Because Jordan and I enjoy the DIY route, we decided to do the semi-DIY route with our updated financial plan. As much as we love spreadsheets, we also love using online tools to shortcut our calculations. We have limited time to do this and we wanted it to be simple.
I’m going to walk you through how we planned the first 4 things on the financial planning list. For risk management, next week I’m sharing more about our life insurance plan, but we still have a little more to do in that category. And we went to a lawyer for our estate plan, because I had no idea how to DIY that part.
Before we get into the how we did it, just know this: you’re planning scenarios. If at first your plan is way off and you realize you’re not saving enough, that’s ok. We were there. But we kept playing with the calculator until we could figure out how to make it all work.
This was all started when we discovered financial life planning and read George Kinder’s Life Planning For You. Jordan and I went through our whole process in this post. It was great. Life-changing even. And we came up with a few goals: moving to Hawaii, growing our content marketing business, prioritizing health and time with family, and making better environmental decisions.
These all have an impact on our money:
- To move to Hawaii we need a move fund (moving is expensive)
- To grow the business we need a safety net (for those months when things may not go well) and to spend more in childcare
- To prioritize health for us meant eating whole, fresh food and working out consistently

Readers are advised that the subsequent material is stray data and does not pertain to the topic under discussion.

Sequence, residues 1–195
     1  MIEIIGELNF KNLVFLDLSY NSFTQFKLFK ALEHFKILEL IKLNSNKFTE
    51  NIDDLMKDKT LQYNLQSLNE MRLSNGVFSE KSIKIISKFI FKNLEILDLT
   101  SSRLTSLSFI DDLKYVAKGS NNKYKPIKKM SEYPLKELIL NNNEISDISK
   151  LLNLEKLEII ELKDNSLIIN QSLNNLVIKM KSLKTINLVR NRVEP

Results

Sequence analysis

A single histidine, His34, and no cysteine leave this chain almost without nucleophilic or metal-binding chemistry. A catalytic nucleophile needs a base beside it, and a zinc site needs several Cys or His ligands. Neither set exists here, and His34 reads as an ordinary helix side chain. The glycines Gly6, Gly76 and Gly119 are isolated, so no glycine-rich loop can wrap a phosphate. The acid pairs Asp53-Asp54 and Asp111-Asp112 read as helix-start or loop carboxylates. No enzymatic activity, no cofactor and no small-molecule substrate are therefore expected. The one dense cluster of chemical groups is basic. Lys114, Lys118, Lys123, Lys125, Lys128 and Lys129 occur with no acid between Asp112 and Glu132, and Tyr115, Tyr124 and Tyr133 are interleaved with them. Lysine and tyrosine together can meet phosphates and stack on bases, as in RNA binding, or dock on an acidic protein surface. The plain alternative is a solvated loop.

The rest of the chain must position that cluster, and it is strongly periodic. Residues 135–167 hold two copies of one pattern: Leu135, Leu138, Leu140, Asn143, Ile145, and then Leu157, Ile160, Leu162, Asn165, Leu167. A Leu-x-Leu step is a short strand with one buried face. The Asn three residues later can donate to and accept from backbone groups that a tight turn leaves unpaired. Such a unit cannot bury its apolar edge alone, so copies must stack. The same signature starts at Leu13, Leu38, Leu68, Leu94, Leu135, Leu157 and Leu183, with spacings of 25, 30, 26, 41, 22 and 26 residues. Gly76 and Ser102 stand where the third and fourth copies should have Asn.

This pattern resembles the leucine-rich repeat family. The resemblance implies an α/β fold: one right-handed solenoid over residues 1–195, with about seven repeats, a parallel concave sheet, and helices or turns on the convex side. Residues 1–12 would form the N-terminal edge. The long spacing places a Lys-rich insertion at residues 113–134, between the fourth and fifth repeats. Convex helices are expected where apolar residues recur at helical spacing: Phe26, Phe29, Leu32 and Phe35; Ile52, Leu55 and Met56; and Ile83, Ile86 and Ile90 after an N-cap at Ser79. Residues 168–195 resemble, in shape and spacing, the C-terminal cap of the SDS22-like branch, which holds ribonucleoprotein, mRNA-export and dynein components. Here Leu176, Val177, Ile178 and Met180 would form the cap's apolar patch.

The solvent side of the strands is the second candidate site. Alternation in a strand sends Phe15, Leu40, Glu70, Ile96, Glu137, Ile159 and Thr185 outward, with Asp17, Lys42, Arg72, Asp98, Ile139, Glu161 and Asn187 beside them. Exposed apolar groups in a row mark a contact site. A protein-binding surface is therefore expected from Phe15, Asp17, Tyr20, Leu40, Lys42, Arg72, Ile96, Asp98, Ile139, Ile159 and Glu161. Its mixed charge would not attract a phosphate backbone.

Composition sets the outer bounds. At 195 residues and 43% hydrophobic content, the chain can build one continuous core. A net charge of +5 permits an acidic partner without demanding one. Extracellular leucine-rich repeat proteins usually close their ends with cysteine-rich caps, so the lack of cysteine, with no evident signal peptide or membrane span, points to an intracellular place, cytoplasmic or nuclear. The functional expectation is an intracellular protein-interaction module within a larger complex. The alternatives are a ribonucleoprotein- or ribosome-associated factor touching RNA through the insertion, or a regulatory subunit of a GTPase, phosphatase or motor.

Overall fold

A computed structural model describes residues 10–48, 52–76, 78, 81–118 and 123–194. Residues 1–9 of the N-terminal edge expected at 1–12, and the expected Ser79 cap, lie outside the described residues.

- Spending time with family means funding flights home to visit and time away from work
- Being better to the environment can mean a lot of different things, but we’re trying to reduce our waste and eat more sustainably.
For all of these, we came up with a dollar value. And after we came up with the dollar value we put this to the side for a few weeks because it was a little intimidating.
But it got better.
Cash Flow, retirement, and college savings
Because we use an automatic budget, we know how much we save and invest each month and how much we spend. Was that enough to fund our life planning goals and our retirement?
Not quite. But that’s ok — this is where we ditched the 20% estimate. We figured out where we need to make changes and saw how the small changes we make each month get us closer to the life that we want right now.
Here’s how we did that.
We use Personal Capital’s free financial planning tool. I did a video tutorial on how to use it, which you can watch here. We don’t use their investment services. Our bank accounts, investment accounts, retirement accounts, and mortgage are all already linked so it was easy to get started.
- We entered how much we’re currently saving each month.
- We entered how much we’ll need in six months to make the move.
- We entered how much we plan to save for retirement each year going forward.
- Personal Capital calculated how close we are to making our goals.
The calculation told us if we could still retire and do all of these other things we wanted to, based on how much we were saving.
If a calculator could laugh at you over the internet, this calculator would’ve laughed at my first plan.
I kept adjusting the numbers: what if we saved a little more during these next six months. Would that help? What if we kicked our retirement savings up by a few percentages?
I played around with the calculator until I landed on a plan that worked. We have to save pretty aggressively over the next six months, we need to earn a little more in our business, but we got to a place where the numbers were do-able. We can make this life change and still retire someday.
I know your life plan isn’t to move to Hawaii. Maybe it’s to go back to school, switch careers, move to a part-time schedule, save up for a house, or take an annual vacation without using your credit card.
This tool will tell you if you’re saving enough for those things and for retirement. No more using a general rule: you get specifics. Can you save for tomorrow and still do the things that you want today? If not, what do you need to adjust right now to get there? I love this tool because it shows you how to balance.